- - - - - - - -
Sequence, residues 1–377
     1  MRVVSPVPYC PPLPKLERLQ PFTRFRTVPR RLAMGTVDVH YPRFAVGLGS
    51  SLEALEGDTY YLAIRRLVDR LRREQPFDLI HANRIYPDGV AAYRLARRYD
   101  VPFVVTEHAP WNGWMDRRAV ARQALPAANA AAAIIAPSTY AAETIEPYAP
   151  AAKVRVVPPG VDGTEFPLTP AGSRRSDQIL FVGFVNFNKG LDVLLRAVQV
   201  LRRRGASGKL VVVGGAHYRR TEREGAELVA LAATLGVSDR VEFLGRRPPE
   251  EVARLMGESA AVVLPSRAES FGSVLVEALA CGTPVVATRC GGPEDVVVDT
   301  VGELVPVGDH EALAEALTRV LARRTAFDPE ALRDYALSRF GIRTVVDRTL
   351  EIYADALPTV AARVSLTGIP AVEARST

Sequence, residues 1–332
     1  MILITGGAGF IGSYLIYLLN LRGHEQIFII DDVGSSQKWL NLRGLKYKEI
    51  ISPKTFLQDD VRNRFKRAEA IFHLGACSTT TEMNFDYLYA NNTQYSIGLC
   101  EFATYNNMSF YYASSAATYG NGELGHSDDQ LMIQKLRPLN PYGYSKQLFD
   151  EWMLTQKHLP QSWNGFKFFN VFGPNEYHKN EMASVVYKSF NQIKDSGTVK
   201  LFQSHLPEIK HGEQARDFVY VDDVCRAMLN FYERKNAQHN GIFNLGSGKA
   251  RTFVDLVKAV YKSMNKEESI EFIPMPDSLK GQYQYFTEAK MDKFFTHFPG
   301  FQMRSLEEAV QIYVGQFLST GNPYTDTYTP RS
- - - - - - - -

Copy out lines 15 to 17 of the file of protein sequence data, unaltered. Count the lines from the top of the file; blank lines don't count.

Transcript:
   201  LFQSHLPEIK HGEQARDFVY VDDVCRAMLN FYERKNAQHN GIFNLGSGKA
   251  RTFVDLVKAV YKSMNKEESI EFIPMPDSLK GQYQYFTEAK MDKFFTHFPG
   301  FQMRSLEEAV QIYVGQFLST GNPYTDTYTP RS